Kosovo PM warns against delaying independence
PRISTINA, Serbia, Nov 20 (Reuters) Kosovo is hungry for independence and further delay will only hold up reform across the Balkans, according to the prime minister of the breakaway Serbian province.
Western powers and Russia decided this month to push back a decision on Kosovo's status, due this year, until after a Serbian parliamentary election on January 21.
''Kosovo is hungry for independence, Kosovo is ready for independence, and now is not the time to stop the clock,'' Agim Ceku wrote in the Wall Street Journal today.
''Just as it seemed that the Balkans were finally turning the corner, we are instead entering another period of stagnation, delay and uncertainty.'' Diplomats say the UN-run province is heading for a form of independence under continued international oversight. The decision to delay was taken to aid pro-Western forces in Serbia, who face a challenge from popular ultranationalists.
Independence would come as a blow to Serbia, the ethnic Albanian former guerrilla commander said, but moderate Serbs were losing interest in the territory, claimed by Belgrade as the cradle of the nation.
''''Only those desperate for cheap, nationalist rhetorical points claim to care about it,'' Ceku said.
Ceku was in Italy today as part of a weeks-long diplomatic drive to soothe concerns that independence for Kosovo could set a worrying international precedent.
He heads to Moscow later this month to lobby Serbia's strongest ally in its fight to keep hold of the province.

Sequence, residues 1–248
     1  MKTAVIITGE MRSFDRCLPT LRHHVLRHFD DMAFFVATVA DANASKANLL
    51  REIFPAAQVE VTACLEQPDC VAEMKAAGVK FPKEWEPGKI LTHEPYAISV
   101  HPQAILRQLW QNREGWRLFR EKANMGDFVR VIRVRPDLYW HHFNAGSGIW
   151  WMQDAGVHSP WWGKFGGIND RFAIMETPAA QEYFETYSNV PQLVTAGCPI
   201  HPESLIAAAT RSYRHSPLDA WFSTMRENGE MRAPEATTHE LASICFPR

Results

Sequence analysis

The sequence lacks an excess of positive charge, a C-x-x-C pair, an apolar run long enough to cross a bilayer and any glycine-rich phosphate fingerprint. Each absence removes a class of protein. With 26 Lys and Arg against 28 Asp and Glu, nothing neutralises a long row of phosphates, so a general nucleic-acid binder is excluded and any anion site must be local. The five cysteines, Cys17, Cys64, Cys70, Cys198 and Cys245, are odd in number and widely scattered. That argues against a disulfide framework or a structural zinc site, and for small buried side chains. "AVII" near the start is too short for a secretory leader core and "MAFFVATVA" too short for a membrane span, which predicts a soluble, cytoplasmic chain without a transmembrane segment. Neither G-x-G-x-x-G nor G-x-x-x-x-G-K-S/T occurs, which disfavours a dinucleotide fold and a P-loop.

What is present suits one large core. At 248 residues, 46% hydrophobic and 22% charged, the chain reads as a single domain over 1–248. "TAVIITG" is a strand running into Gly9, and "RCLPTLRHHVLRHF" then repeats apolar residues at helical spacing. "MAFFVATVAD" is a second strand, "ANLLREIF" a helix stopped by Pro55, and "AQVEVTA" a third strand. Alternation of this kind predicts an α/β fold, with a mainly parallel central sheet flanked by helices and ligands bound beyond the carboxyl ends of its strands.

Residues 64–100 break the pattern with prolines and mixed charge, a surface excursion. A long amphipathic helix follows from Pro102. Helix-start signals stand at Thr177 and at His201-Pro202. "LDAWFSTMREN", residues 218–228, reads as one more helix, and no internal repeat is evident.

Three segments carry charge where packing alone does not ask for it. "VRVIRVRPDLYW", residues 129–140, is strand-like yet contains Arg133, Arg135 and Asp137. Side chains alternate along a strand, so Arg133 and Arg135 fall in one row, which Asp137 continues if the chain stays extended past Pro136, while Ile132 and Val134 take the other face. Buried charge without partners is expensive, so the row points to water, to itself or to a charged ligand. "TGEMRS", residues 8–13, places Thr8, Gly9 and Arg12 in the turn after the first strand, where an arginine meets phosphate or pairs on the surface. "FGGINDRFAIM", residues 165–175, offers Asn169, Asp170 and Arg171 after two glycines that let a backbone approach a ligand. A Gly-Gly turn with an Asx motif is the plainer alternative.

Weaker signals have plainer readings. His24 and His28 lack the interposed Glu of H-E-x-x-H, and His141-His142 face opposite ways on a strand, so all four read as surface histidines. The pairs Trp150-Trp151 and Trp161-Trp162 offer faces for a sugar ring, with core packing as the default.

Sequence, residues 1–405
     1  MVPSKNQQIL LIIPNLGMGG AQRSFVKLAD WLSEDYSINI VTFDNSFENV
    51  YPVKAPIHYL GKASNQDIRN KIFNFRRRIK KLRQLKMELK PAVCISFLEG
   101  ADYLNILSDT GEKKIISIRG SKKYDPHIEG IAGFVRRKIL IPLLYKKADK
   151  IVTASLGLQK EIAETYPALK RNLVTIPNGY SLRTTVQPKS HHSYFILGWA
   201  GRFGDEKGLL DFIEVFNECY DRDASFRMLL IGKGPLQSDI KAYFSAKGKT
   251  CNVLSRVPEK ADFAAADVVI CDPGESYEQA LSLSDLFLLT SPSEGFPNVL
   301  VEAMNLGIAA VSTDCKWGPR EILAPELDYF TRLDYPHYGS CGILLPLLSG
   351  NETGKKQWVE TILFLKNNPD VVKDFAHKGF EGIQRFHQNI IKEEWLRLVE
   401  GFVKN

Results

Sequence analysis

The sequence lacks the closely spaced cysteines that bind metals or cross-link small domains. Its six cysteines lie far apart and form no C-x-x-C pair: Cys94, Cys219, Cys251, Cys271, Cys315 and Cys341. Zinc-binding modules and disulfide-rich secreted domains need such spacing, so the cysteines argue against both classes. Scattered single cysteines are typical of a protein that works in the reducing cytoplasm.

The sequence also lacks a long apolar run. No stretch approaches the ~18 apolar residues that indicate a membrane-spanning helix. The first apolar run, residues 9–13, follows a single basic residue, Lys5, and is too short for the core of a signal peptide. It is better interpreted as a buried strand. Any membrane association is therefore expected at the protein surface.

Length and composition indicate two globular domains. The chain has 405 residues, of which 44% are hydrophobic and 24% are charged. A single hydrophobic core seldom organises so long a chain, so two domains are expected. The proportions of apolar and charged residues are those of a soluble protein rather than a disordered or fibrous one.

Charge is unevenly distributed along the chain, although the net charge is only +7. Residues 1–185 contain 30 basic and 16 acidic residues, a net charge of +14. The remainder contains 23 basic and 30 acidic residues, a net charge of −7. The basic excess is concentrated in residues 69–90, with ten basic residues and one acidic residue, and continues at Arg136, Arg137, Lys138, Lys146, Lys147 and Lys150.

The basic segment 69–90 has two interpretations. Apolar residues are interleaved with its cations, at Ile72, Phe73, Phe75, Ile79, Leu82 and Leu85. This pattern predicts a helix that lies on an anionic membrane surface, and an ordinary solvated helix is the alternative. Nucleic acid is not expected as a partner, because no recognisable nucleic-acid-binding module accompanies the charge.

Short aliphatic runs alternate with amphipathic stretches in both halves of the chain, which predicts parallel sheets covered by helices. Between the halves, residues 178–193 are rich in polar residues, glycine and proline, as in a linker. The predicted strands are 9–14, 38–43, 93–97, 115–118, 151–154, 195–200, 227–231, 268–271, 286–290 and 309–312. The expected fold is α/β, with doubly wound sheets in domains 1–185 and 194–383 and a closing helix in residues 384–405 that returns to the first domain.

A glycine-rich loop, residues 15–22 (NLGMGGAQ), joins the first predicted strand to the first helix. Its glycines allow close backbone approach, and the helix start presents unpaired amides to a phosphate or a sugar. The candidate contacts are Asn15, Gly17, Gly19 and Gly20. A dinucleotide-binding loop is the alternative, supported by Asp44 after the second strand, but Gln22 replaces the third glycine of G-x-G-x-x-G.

Ceku said expectations among Kosovo's two million ethnic Albanians were high, more than seven years since NATO's first ''humanitarian'' air war to halt the killing and expulsion of Albanian civilians by Serb forces.
Ten thousand died and the United Nations took control.
UN officials in Kosovo fear that prolonging the uncertainty will only feed suspicion among Albanians and bring extremists on to the streets. The remaining 100,000 Serbs would almost certainly bear the brunt of violent protests.
''Kosovo needs clarity to complete reforms and to attract vital international investments, but also so that our people -- and especially our Serb minority -- can escape the debilitating worries and uncertainty and start to build a future,'' said Ceku.
Only once Kosovo's future is settled can the countries of the Balkans truly reform and move towards the European Union, he said.
''Social and economic progress in the region will be the big losers if we don't make the bold step forward to independence.'' REUTERS AB BST1726